Directed by Liv Ullmann
Opens December 5 at the Landmark Sunshine
Let’s be clear for the uninitiated: Miss Julie’s acid dialogue and sardonic twists burn down to the bone of costume drama’s fattened arm, its darkness closer to original-series Upstairs Downstairs than to polished one-percenter porno Downton Abbey. Adapting Strindberg’s classic naturalist play, Liv Ulmann transposes the Swedish setting to rural Northern Ireland: amidst the bacchanalia of midsummer’s eve, the baron’s daughter Miss Julie (Jessica Chastain) aggressively flirts with her father’s handsome valet Jean (Colin Farrell); initially resistant, Jean escalates these exchanges, and their mutual transgression blurs the boundaries between master and servant. The “perverseness” of this act is underscored not only by their subsequent cruelty towards each other, but by Jean’s pious fiancée Christine (Samantha Morton), who is repeatedly told to go to bed (like a good little doggie) or locked away in a room while overhearing everything. (She eventually gets out and gives them both a stern but futile talking to.)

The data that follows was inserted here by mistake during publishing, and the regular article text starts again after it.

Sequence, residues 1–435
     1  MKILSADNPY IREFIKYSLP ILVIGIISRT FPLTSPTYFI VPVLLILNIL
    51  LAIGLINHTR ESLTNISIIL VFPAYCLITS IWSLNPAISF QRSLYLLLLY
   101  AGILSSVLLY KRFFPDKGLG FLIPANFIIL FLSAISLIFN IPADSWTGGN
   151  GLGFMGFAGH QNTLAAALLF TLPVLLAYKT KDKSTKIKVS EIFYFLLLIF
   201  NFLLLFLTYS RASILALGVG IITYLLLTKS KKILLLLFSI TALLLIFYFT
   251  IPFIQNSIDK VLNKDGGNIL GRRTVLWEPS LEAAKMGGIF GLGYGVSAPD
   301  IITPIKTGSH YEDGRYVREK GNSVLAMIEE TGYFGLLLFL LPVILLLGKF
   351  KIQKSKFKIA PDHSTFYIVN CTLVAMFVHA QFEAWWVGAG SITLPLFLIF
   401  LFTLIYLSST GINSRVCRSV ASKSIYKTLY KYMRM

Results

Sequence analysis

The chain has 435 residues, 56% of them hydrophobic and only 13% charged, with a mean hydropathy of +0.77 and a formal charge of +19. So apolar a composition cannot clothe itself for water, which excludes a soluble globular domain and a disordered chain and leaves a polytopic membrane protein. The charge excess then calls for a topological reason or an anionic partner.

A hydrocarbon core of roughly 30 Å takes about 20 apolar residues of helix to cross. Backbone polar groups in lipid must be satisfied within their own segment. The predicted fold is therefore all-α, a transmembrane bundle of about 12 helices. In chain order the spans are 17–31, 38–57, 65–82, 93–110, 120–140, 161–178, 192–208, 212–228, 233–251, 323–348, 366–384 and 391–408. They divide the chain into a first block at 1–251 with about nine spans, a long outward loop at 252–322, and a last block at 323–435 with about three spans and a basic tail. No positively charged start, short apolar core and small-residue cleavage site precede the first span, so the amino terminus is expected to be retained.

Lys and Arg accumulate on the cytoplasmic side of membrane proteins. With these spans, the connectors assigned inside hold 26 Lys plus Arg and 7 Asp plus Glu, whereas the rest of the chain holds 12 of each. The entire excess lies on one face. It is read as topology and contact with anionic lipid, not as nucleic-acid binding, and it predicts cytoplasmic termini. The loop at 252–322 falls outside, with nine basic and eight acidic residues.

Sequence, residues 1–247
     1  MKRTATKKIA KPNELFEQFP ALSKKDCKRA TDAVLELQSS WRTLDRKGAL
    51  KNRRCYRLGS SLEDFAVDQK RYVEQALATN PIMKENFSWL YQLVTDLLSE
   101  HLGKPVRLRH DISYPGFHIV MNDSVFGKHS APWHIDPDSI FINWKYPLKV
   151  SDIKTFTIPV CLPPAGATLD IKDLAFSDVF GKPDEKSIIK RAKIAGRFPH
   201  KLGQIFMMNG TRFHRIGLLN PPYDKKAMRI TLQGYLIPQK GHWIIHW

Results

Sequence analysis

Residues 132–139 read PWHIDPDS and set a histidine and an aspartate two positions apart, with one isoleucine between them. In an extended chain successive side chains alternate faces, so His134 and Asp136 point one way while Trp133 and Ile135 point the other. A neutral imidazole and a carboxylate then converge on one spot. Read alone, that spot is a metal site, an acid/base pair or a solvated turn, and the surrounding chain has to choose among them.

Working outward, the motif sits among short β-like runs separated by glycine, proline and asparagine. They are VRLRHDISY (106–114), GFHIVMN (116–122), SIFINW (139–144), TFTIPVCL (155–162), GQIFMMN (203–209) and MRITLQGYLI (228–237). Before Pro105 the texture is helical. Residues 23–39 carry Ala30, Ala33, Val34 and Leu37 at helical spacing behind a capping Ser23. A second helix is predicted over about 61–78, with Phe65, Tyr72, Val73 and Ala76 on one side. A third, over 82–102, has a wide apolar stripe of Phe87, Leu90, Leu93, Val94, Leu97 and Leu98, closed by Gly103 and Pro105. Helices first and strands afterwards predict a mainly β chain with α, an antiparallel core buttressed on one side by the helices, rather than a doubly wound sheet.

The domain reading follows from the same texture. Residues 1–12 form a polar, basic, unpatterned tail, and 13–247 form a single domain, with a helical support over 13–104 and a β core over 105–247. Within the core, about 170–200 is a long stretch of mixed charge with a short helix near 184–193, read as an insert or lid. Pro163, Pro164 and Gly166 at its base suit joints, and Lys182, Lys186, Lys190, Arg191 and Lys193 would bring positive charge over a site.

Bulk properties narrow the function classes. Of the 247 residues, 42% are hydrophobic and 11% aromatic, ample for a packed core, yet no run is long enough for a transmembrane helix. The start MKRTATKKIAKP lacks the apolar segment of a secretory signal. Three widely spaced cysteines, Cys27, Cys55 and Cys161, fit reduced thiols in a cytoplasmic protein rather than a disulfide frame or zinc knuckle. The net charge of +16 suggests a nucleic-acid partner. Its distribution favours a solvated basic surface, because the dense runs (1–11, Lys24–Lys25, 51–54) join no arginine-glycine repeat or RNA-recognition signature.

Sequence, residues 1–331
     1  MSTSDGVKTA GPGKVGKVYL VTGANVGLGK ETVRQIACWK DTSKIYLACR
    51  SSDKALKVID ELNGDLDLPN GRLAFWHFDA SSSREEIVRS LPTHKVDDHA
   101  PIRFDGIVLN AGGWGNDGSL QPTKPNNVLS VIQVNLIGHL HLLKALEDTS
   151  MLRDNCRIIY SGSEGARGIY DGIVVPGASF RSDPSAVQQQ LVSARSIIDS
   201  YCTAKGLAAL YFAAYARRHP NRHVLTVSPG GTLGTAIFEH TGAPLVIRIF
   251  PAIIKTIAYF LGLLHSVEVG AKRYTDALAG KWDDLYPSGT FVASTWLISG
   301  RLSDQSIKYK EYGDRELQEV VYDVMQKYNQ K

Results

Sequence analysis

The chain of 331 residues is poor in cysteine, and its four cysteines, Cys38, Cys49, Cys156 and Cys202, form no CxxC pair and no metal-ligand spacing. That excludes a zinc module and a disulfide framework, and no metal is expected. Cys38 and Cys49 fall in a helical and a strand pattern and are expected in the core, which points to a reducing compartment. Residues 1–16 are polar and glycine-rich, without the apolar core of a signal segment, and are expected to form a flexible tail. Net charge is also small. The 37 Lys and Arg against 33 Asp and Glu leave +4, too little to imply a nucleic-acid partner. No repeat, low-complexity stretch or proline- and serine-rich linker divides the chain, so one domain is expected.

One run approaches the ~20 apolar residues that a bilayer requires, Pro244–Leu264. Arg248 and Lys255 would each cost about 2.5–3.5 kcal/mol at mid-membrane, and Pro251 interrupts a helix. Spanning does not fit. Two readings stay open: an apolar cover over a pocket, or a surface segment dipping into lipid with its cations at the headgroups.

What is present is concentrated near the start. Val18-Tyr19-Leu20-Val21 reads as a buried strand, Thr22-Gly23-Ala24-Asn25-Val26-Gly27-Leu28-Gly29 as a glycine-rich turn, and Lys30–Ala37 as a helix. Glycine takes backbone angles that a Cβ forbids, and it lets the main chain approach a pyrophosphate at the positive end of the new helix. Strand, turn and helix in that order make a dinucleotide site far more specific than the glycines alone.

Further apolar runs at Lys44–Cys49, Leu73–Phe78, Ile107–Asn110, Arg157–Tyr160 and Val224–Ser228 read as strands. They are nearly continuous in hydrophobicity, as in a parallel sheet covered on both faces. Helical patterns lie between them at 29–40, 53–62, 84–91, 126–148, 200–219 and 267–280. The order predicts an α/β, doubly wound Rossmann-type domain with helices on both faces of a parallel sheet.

But to sing the praises of the story and dialogue is to solely praise the long-dead playwright, and this adaptation is truly defined by Ulmann’s direction and the actors’ performances. Thanks to the tonal range the dusky light affords, there are many instances when a character’s body effortlessly blends into the manor house that circumscribes their behavior: Morton’s cook uniform gets swallowed up by the stone staircase leading to the servants’ quarters, and Chastain’s mane bleeds into the kitchen’s wood paneling. Neither fully belonging to cinema or theater, Chastain’s unrelentingly anxious performance (that harkens back to her 2012 stage role against Dan “Cousin Matthew” Stevens in The Heiress) imbues every impulsive bad decision with painfully realistic flair: similarly, Julie’s not an innocent, but has gotten herself into a situation where she must bat outside her league. Farrell’s facial contortions impressively match that of his character’s autobiography, and it’s saddening to think how infrequently his performances arrive in stateside theaters.
Aside from the actors, Ulman’s other wise decisions was to not dramatize the characters’ remembrances. We never “see” Jean’s time working at a Swiss hotel, and are only given the story he tells. While this may be a refusal to break with theatrical tradition, in reality it just emphasizes how utterly claustrophobic and museum-like this household is. All apologies, Mr. Fellowes—you can polish the silver, but it’s never the same thing as owning it.